A google search for how to create this type of container will bring up a bunch of malarkey. It doesn’t have to be that complicated. You can set this up in a few minutes super easily. The result is an extremely lightweight and effective torrent box that you can control remotely. It works great on very modest hardware even with lots of traffic flowing.
First, spin up a container.
Click on the local storage of one of your nodes, go to container templates, and click the Templates button. I am using the ubuntu 22.10-standard template, only 129mb.
After downloading the template, right click your node and create the container. On the first page, make sure to uncheck ‘unprivileged container’ so that we will have full write access to the samba share. If you are storing files some other way, you can leave it unprivileged. (You can also achieve write access to cifs shares with an unprivileged container through user mapping if you so choose.)
Select the ubuntu template on the next page. I went with the defaults for all the other options except 2 cpu cores and a static IP address.
Start the Container!
Now we can start the container and do some stuff.
First, login with username root and the password you set during creation. Update everything with
apt update && apt upgrade -y
Then, we need to install a few things
apt install wireguard wireguard-tools curl qbittorrent-nox cifs-utils iftop
Since we installed cifs-utils in the last step, let’s go ahead and mount the network share. Edit your fstab file:
I have created a user on my NAS named qbit for this service and added it to the samba permissions. It only has access to a folder for downloads. My fstab looks kinda like this:
ctrl + X to save, then type reboot.
The share should mount on reboot. If not, check for errors with journalctl -b
Let’s dig a wireguard tunnel
Now you need to log into your VPN provider of choice and download your wireguard configuration. One easy way to do this would be to drop it on your NAS if you have connected one in the last step.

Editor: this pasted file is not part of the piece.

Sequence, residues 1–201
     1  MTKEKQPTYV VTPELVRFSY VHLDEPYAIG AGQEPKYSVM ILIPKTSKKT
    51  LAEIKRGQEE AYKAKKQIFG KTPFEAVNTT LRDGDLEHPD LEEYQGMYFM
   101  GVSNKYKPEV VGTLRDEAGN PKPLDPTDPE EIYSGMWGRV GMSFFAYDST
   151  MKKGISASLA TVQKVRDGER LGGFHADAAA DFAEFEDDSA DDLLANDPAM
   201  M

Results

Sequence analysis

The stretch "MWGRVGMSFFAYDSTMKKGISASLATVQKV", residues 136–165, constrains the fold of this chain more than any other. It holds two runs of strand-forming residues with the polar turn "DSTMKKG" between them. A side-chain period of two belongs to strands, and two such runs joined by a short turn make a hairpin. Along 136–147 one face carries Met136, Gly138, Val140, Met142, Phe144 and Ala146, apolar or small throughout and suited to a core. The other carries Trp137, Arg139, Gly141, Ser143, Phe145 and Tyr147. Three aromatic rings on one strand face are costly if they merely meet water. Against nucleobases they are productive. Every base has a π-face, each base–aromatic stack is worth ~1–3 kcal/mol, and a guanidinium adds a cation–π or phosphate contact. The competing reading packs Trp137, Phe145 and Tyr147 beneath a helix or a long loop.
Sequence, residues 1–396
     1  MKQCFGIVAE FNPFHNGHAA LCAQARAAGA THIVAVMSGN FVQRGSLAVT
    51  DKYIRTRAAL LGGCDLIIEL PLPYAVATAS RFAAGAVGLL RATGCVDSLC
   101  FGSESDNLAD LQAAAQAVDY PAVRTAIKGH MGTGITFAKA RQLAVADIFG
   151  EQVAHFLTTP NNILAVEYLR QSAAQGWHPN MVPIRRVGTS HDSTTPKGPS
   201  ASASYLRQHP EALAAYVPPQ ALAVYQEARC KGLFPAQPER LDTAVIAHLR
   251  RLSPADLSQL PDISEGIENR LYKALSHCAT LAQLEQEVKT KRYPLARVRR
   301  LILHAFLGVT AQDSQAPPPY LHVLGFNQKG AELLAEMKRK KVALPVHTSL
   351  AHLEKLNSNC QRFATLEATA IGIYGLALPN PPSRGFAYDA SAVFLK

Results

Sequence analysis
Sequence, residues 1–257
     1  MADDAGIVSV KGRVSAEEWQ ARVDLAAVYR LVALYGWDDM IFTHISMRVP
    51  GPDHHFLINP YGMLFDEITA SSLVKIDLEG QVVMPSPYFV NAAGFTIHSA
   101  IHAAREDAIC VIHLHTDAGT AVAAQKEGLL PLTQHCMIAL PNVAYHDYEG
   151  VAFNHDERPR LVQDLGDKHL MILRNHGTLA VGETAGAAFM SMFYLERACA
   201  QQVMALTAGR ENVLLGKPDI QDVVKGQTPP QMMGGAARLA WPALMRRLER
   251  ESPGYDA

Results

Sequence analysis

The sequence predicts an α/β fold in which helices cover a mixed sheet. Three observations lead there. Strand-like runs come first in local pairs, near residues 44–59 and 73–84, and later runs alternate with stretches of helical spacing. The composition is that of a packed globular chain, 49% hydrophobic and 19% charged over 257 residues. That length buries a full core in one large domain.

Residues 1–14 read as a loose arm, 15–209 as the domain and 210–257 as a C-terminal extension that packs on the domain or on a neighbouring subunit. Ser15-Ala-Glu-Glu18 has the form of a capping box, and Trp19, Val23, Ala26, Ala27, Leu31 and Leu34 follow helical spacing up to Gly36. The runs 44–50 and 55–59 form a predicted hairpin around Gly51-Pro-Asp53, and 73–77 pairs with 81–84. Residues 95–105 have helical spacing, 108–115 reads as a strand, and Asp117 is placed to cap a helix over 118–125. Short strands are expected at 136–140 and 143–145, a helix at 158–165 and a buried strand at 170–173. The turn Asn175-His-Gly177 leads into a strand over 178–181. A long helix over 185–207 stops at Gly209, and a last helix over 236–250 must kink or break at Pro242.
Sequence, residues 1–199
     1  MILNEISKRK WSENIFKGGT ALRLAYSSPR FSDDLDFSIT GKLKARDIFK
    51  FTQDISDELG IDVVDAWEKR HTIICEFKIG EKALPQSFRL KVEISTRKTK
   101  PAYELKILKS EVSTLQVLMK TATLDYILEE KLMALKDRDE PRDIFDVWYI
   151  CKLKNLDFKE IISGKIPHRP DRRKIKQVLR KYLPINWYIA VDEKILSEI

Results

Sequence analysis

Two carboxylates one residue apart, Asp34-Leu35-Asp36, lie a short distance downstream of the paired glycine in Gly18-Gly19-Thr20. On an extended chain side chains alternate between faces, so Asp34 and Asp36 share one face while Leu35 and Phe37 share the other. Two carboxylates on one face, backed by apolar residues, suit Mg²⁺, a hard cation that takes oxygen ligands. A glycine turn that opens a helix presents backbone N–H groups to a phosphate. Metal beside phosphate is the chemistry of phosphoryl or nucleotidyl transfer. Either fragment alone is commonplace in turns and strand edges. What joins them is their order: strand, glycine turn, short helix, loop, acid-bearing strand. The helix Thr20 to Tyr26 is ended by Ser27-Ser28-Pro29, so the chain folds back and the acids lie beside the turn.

Navigate to wherever you put that config file so we can move it to its final resting place. Below, mine is named wireguard-vpn.conf:
mv wireguard-vpn.conf /etc/wireguard/wireguard-vpn.conf && cd /etc/wireguard && ls
Let’s see if that bad boy works:
wg-quick up wireguard-vpn
If you connected successfully, typing ip addr show will list a new tunnel interface at the bottom with your VPN IP!
Now make it reconnect automatically on reboot:
systemctl enable wg-quick@wireguard-vpn
Reboot and hit it with another ip addr show to make sure we’re still connected to the tunnel!
We’re on the home stretch! Now make a service that will start qbittorrent-nox automatically on boot:
We’ll keep it super simple:
Now enable it and reboot to see if it works:
systemctl enable qbittorrent-nox && systemctl daemon-reload && reboot
Did it work?? You can try it by opening your web browser and typing in the local IP of the machine followed by port 8080!
Bind Qbt-nox to wireguard interface
Last step! Go to Tools -> Options -> Advanced and set the client to ONLY use the wireguard tunnel that we have created. If your VPN provides you a static IP, you can optionally set the client to ONLY use this IP as well.
Now set your download folder to your samba share in the Downloads tab.
That’s it! Now you can log in through this web interface from now on. You never have to access the container directly again. Add torrents by copying and pasting the magnet links into the webui from your phone or any other device!
Ensure that traffic is flowing through the wireguard tunnel as expected by running the iftop utility we downloaded earlier.